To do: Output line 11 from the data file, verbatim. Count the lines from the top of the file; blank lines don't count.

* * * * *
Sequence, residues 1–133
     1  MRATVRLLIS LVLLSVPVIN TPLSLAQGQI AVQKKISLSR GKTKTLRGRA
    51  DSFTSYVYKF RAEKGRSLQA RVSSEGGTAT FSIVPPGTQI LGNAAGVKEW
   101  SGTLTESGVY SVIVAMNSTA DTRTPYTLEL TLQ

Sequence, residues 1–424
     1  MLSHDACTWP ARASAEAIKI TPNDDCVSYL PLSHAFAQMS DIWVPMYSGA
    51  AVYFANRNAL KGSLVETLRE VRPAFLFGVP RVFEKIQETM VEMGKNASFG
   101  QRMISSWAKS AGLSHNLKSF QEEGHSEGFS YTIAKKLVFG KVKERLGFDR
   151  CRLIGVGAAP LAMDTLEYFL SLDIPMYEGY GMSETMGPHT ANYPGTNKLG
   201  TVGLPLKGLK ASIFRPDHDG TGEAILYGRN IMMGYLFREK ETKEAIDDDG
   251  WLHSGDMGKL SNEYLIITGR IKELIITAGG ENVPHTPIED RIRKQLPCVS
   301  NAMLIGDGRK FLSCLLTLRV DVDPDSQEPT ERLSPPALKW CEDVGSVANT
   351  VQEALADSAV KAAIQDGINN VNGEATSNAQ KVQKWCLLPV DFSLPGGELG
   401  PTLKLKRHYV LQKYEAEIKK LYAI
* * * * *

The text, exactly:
   251  WLHSGDMGKL SNEYLIITGR IKELIITAGG ENVPHTPIED RIRKQLPCVS